Tubing for trout

by Chris Beech

Maybe I am biased, but I just love float tubing for trout in Tasmania's still waters. I cut my teeth fishing from one on Mitchelsons Dam, near Westbury, but have tubed on many still waters since. It is some what akin to fly fishing from an arm chair - a pleasant way to spend the day.

But, what is a floating tube? These one person fishing devices are known by many names - belly boats, doughnuts and float tubes. Of the many designs available today, almost all provide the angler with a quiet, comfortable way in which to chase the odd trout.

What you need

In our climate, you definitely need to start with neoprene waders. Most anglers already have these, but if you don't, and you intend to buy a float tube - start with neoprene waders! Our still waters can get pretty chilly, and an angler needs to be protected from hypothermia while float tubing. This is rarely a problem as most times, if you feel yourself getting cold, you can just get out of the water for a while. I wear thermals as well as my neoprene waders, particularly early and late in the season.

Float tubes come in many styles, but can be categorised into two fundamental designs. The original float tubes were just that - tubes, hence the nick name, doughnuts. Basically there are a round tube with a sewn in seat, with most models having a back rest and side pockets to stow your gear. These are very comfortable to fish from, but require the user to don fins, enter the tube and waddle into the water to "launch'. Once in the water, they are quite manoeuvrable but not fast. The other style which is becoming popular is the U style. This, as the name suggests, is a U shaped "tube" in which one sits and uses in the same manner as a conventional float tube. U shaped tubes are easier to launch, and easier to enter/exit from - its just a matter of sitting down and putting on your fins. They are just as manoeuvrable as conventional tubes and some would say, have a slight advantage. One item on every tube that I deem necessary is a stripping apron. This is simply a mesh screen that sits in front of you and keeps your line from drifting away or sinking around your feet. Fins provide your propulsion. There are several models available and marketed specifically as float tube fins. Divers fins that it over booted feet also work. I strongly suggest that you buy fins that float of their own accord. I have never lost a fin myself, but I can imagine how hard it would be to propel the tube with just one fin!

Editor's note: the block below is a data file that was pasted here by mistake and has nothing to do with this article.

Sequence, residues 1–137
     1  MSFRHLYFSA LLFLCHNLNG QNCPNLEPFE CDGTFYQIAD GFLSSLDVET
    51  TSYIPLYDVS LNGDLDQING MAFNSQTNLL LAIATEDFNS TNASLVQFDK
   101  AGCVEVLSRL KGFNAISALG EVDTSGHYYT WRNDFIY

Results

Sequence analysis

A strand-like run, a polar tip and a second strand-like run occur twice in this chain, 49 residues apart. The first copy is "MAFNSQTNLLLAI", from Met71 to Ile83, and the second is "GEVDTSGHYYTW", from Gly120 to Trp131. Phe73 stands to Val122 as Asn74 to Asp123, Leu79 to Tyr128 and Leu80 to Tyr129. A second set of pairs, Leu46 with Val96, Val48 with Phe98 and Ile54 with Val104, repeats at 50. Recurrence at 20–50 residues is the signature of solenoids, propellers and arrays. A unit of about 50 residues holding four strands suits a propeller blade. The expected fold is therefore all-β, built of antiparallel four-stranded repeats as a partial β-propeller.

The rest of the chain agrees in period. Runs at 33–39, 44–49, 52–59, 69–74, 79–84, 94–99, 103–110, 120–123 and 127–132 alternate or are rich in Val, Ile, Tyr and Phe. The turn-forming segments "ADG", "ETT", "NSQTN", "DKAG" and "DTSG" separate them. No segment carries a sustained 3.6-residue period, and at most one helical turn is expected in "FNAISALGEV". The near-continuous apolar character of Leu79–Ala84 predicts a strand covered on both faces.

Personal Floatation Devices should be worn as a matter of common sense. You can use life jackets, sure, but I prefer the inflatable kind such as those from SOS penders or an inflatable jacket such as one from Sydney Seas. Even though there is a fair amount of buoyancy in a float tube, and normally a back up chamber in the back rest, it makes sense to wear a PFD.

You also need to carry a torch with you, a small amount of cord and perhaps a small anchor. The torch can be used not only for seeing at night, but to signal boaters or other anglers should you get into difficulty. It also helps to carry a keeper net ( should you want to keep your catch), and a landing net is definitely an advantage.


There is some basic safety advice that all float tubers should take into account before venturing to the water. The first is, always float tube in company. If one person gets into difficulty, the other can render assistance. Never use your tube in moving water and never use your tube in salt water. Float tubes are designed for still water use only and should be used as such. In large lakes be aware of wind direction and boat traffic. Always wear an approved PFD while tubing. Check your float tube before each outing for damage and never over inflate your float tube. Almost all tubes have an operating pressure of 1.5-2 PSI. Having said that, even in the remote chance that you puncture your tube in the middle of a lake, the air pressure is that low that you have plenty of time to get to shore. Do not spill insect repellent on your float - many repellents contain DEET which can damage your float tube and bladders. It is advisable to launch your float tube on a gently sloping bank. This means you can gently waddle or sit into your tube in comfort. It would not be a pretty sight watching a fully laden angler, complete with expensive rod, rolling down a steep bank to gain access to the water! I recommend that everyone new to float tubing go up to a small dam or lake to practice launching and using the tube before heading for more challenging waters. This gives you the advantage of getting the feel of fishing from a float tube before actually doing it.